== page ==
Women may have come a long way in the high-tech field in the last 10 years, but there's still a lot of room for growth, according to a group of female tech executives.
And Marissa Mayer, a vice president at Google, said we're just not doing enough to get more women into the high-tech field.
"I think what we're really playing is a numbers game, " said Mayer, speaking as part of a panel at CNet's Women in Technology panel at the Consumer Electronics Show (CES) in Las Vegas this week. "Right now, it's a really great time to be a woman in technology -- but there aren't enough women in technology. I worry that a lot of times the conversation gets focused on what percentage of the pie is women. And the truth is the pie isn't big enough."
Part of the larger problem, she noted, is that the United States is not producing enough computer scientists.
"We're not producing enough product designers. We need more people to keep up with all these gadgets, all this tech and these possibilities and the jobs of the future," said Mayer. "We need a lot more people and if we grow that number, then the number of women, by nature, goes up."
What we need, she added, is to push more high schools to get kids interested in computer science.
Mayer was quick to point out that when it comes to advanced placement exams, 200,000 students take the calculus test, but only 14,000 take the computer science one. That means 7% of the students who think they're good at math take both the math exam and the computer science exam.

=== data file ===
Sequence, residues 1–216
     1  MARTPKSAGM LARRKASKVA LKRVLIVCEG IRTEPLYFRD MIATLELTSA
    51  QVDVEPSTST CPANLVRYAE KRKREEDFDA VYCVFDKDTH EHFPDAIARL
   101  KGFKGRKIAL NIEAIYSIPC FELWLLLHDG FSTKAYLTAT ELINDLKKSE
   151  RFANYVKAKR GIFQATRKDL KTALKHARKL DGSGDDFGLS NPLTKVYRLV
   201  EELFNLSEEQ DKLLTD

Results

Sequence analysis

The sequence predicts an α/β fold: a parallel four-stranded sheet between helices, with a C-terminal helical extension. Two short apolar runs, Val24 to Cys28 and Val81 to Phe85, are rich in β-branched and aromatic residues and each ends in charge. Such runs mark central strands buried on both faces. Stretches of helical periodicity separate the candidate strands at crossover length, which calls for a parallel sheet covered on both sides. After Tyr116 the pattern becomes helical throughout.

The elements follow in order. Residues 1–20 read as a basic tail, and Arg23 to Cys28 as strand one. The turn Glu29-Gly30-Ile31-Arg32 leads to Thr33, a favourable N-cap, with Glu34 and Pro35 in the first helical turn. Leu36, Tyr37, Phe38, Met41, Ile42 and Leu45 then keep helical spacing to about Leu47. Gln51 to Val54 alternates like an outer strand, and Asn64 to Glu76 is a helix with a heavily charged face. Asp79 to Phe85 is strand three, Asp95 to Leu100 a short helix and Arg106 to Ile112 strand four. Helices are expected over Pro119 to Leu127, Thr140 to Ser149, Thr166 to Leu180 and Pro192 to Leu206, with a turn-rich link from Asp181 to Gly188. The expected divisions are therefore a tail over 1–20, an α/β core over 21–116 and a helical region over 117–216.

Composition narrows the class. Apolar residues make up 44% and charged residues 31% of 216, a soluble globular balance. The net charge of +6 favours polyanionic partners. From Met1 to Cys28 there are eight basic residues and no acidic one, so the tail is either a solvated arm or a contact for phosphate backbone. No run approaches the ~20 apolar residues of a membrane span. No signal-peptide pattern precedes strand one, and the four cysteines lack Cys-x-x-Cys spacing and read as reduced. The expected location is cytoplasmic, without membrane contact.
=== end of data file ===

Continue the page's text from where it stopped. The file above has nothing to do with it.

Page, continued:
"If you talk to Google engineers, only 2% were exposed to computer science in high school," added Mayer. "We really just need to get that number up. Imagine if we had 200,000 or 500,000 students graduating from high school every year who have taken computer science, as well as calculus."
Cisco Systems CTO Padmasree Warrior, who also sat on the all-woman panel, said that while more women need to be working in high-tech, the industry is doing better than ever before.
"I think they've come a long way," said Warrior. "I feel pretty good about where women are in tech. If you look at two of the largest tech companies today, IBM and HP, they have women CEOs and there are a lot of women in tech who have made progress in our lives.... I would like to see more women out on the floor [of CES] but in the past 10 years we have made a lot of progress."
CNet Executive Editor Molly Wood hosted the panel, which also included Flickr founder Catarina Fake and Lindsey Turrentine, editor-in-chief of CNet Reviews.
Plus, check out our live blog from CES.
Sharon Gaudin covers the Internet and Web 2.0, emerging technologies, and desktop and laptop chips for Computerworld. Follow Sharon on Twitter at @sgaudin, on Google+ or subscribe to Sharon's RSS feed . Her e-mail address is firstname.lastname@example.org.